Aren’t we all Evidence-based Anyway?

In a ‘post-truth’ era, where we face an overload of opinion, much of it from unreliable sources, it is hard to know what to trust. The principles of ‘evidence-based practice’ help us make better decisions by cutting through unreliable sources and getting to the best outcomes. Unfortunately, while it is well established in some professions – most notably healthcare – evidence-based practice is not common in people management.

This article was first published in the Orient magazine #64, 13th December 2017.

By Jonny Gifford, Senior Advisor, Organisational Behaviour

 

Business leaders and people managers are constantly making decisions for their organisations, with some of the most important decisions relating to the people within the business. Underlying these decisions are assumptions about causal relationships: if I do x, it will achieve y. For example, if we award performance-related pay, it will increase motivation and work effort, or if managers give feedback on performance, employees will improve. But there’s a problem. We all like to see ourselves as rational beings, making decisions once we’ve carefully weighed up the options, but psychology and behavioural economics have consistently shown that usually, this is simply not the case. Our brains are hard wired to make fast associations, leading us to make decisions based on what intuitively feels right. Daniel Kahneman, the first psychologist to win the Nobel Prize for economics, calls this System 1 thinking.

 

This fast, intuitive way of thinking is an essential aspect of how our brains work, from deciding what clothes to wear, to our route to work, to where to eat dinner – we are creatures of both habit and impulse. If we didn’t make decisions based on what feels intuitively right, we would become overloaded with stimuli and struggle to make it through the day. But behavioural science shows that we also think in this way for bigger decisions such as who we hire for a job, or which approaches we use to manage a team.

 

The unfortunate reality is that, thanks to our incredibly flexible and fast minds, we tend to bypass rational assessment of evidence and jump to conclusions. There is good research1 to show that we even retro-fit our interpretation of the evidence to suit the decision we’ve already made in our minds. For example, in recruitment, we hire people who look and sound like us, and then convince ourselves it was because they had the best experience. Our gut feelings often rule and it introduces huge capacity for bias.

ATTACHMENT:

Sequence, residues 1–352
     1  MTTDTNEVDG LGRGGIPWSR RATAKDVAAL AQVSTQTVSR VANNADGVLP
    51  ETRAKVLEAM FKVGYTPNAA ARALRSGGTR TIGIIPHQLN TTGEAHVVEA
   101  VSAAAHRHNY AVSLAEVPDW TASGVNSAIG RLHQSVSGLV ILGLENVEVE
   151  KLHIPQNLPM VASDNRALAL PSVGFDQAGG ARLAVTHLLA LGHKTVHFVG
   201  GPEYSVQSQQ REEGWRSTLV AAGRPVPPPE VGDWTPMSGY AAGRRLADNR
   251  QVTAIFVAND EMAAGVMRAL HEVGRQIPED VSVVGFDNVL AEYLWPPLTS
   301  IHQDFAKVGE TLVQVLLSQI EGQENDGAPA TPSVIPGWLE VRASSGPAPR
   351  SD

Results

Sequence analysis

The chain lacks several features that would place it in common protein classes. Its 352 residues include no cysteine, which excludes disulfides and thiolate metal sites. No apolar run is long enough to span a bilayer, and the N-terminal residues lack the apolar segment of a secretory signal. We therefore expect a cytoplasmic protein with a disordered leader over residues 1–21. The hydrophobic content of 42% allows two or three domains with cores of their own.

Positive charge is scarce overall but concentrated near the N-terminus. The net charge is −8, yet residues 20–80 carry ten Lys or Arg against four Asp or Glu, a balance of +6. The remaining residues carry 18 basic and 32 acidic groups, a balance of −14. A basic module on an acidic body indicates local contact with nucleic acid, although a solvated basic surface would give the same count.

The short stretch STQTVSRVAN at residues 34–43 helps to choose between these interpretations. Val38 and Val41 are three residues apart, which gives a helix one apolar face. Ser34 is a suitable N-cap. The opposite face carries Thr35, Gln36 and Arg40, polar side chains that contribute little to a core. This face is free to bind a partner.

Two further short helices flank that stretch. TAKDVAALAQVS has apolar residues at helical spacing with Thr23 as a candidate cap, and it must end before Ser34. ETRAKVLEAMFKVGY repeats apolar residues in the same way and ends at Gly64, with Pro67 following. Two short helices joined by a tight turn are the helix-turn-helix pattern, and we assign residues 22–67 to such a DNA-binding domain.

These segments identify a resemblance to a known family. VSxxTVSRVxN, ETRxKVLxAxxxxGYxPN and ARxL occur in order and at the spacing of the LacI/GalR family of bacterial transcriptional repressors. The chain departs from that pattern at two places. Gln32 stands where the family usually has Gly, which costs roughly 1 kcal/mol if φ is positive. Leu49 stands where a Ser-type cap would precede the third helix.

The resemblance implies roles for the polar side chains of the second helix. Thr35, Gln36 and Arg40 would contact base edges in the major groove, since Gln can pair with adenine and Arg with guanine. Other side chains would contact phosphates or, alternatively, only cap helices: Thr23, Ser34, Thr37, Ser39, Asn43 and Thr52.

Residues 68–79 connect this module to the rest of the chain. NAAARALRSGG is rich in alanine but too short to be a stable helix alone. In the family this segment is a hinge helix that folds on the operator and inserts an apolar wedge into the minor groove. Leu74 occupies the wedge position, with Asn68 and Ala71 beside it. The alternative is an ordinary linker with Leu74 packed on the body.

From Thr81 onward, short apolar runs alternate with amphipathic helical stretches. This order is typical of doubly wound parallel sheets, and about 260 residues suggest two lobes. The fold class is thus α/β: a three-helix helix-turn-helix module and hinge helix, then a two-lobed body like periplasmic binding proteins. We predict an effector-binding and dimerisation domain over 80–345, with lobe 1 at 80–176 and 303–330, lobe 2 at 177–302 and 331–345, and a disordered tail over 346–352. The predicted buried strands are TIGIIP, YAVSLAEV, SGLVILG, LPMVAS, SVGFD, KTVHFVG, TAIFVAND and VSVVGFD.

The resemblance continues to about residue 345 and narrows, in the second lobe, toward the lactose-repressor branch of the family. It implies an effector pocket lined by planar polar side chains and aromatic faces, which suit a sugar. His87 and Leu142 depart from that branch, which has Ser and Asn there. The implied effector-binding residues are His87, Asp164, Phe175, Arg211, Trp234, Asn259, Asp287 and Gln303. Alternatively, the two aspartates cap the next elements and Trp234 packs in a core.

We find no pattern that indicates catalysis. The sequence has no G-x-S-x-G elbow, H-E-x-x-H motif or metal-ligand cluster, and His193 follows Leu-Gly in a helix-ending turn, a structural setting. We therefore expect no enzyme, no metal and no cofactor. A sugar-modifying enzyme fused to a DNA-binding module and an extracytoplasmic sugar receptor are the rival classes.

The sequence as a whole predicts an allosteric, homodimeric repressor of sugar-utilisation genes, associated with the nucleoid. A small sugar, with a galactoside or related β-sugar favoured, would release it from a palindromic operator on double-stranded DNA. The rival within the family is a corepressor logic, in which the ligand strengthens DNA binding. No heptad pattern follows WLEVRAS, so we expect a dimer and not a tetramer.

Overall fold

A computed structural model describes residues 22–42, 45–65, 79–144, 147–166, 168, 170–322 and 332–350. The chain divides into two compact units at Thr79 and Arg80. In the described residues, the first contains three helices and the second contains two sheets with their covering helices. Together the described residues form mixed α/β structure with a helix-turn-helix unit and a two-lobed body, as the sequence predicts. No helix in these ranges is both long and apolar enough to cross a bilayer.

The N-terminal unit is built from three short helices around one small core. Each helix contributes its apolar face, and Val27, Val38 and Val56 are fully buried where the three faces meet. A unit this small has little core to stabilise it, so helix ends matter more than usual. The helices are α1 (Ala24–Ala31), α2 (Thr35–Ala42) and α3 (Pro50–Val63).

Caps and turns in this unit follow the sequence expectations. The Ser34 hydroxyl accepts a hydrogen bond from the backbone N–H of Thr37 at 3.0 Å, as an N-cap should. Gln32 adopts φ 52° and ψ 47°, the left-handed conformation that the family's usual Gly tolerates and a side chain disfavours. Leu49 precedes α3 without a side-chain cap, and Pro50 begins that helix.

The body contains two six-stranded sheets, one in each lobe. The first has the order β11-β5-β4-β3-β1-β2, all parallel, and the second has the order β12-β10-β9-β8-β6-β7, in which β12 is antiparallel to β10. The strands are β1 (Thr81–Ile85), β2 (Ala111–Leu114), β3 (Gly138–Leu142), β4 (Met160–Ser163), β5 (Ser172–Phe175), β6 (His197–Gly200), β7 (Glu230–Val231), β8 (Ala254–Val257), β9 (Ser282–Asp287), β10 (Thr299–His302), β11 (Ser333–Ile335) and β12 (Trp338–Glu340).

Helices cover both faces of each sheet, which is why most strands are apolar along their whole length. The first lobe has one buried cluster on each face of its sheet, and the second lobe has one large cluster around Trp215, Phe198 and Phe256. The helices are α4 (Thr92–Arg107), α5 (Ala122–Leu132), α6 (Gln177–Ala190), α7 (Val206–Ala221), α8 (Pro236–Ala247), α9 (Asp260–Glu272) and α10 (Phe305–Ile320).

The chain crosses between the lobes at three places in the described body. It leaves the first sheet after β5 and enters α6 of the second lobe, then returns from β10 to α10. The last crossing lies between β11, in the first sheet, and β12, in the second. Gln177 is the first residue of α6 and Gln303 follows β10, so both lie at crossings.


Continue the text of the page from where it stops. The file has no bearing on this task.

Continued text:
It also means we are prone to fads. The latest management thinking appears irresistible purely because it’s the latest thing presented with rhetoric that fits the zeitgeist2. Everyone’s doing it, there are case studies about it, it feels right, and therefore it must be right. Right? Not necessarily. To take one example, the practice of forced ranking, getting rid of the poorest performing ten per cent of employees, was in vogue for many years before being discredited as an effective tool for driving performance3.

 

So what is evidence-based practice4? To an extent, we all use evidence. At different times, any manager or business leader will inform decisions by drawing on different sources. The Centre for Evidence Based Management (CEBMA) cites 4 sources of evidence5 that we should use when engaging in evidence based practice including; practitioners’ own expertise, stakeholder concerns, organisational data (for example on employee opinion, people management or performance) and insight from the scientific literature including books and articles. These are all valuable sources of information to the evidence based practitioner.

 

An individual’s expertise is something that we all need to hone and develop, in the case of the people professional through continuing professional development (CPD)6. As a professional body, the Chartered Institute of Personnel and Development (CIPD) is focused on ensuring the HR and L&D profession has the knowledge and skills it will need to be future-fit through a programme of work called Profession for the Future7.

 

When it comes to stakeholders concerns and organisational data, we are becoming more proficient in accessing and understanding these sources of information. Technology can help us understand the values and concerns of the varied stakeholders in our businesses, be they our customers, our shareholders, our workers or the general public. However, understanding the needs of multiple stakeholders requires the use of ethics in our decision making8 in an effort to create shared value for people, the business and shareholders.